However, what distinguishes the current decline from previous ones is the policy space available to the major producers, such as Russia, Saudi Arabia and the United States. Russia, facing the dual impact of Western economic sanctions and a decline in foreign revenue from oil sales, has seen its currency sharply devalued while its foreign currency reserves shrink.
Heading into 2015, it is increasingly likely that the mid-January Standard & Poor’s credit-rating review of Russia will downgrade it to “junk” status. This would have a detrimental effect the country’s strategy of exerting its political will on its neighbors, as well as President Vladimir Putin’s domestic popularity.
The Arab Gulf states, while economically healthier than Russia, are in a significantly different position than they were during the price slumps of the mid-1980s and late 1990s. They have since had large population increases, and a rise in government expenditure on infrastructure investment and the welfare apparatus.
This caused the breakeven price - the price a country needs to obtain for a barrel of oil to remain economically solvent - to nearly triple over the past decade. The rise in the Gulf breakeven price has caused these countries to have reduced immunity against low oil prices, and so are in a much weaker economic position to weather extreme price volatility.
Despite the rise in the breakeven price, OPEC has pledged to remain steadfast in its production target of 30 million barrels per day, and according to statements from leading oil ministers of member states, even if the price drops to $20-$30. What is evident from the OPEC response is that countries with higher production costs, such as the United States, will have difficulty maintaining or increasing output.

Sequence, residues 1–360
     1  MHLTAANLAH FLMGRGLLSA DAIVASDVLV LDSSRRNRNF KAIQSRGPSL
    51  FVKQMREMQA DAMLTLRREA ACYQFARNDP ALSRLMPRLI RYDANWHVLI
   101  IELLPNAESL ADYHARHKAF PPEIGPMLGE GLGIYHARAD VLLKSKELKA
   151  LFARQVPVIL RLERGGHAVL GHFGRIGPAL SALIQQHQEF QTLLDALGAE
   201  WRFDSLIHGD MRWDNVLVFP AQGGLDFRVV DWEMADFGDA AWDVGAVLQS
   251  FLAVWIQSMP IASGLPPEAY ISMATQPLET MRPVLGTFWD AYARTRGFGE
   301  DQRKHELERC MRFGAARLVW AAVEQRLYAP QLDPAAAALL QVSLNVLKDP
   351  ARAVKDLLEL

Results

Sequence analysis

The United States has made headlines with its giant leap in oil production from its shale reservoirs. Still, the shale boom obscures the profoundly ambivalent relationship that the United States has managing its role as one of the world’s largest oil producers with its position as a global manufacturing power.
It undoubtedly benefits from a low oil price, as the average American consumer will pay less for transported goods and at the gas pump. As evidenced by 5 percent economic growth in the third quarter of 2014, low oil prices are already spurring U.S. economic recovery.
However, it is also harmed by price decline. The major producing states in the U.S. rely on oil revenue taxes to fund their annual budgets, therefore the recent price declines portend tough times ahead. These states had factored into their spending projections prices above $100 for the fiscal year of 2015. Much like the high absorbers, in the face of a protracted price decline they will either have to reduce spending or raise taxes, perhaps both.
If prices remain low for the mid-to long-term, oil producers will scale back investment in new fields and shutter less profitable ones. This would negatively impact investment in new wells to either maintain or boost American production.
The fact that nearly all major oil-producing countries cannot bear a low price for the mid-to long-term will force at least the major OPEC producers, and perhaps Russia, to reduce output in a bid to contain the price slide.
The sharp price decline over the past year does not bode well for either American or Gulf oil production. U.S. oil companies cannot sustain a long-term price decline in fields that require an average price of $50-$70 per barrel to remain profitable. In the Gulf, while operating costs are among the lowest in the world, because of expansive entitlement programs these governments require $80-$100 per barrel to remain fiscally solvent.
While OPEC has pledged to remain resilient in the face of declining prices, if they continue downward, the world’s major oil producers will eventually blink and move to stabilize the global price by reducing output. A return to $20 a barrel is an option that no producer is willing to tolerate.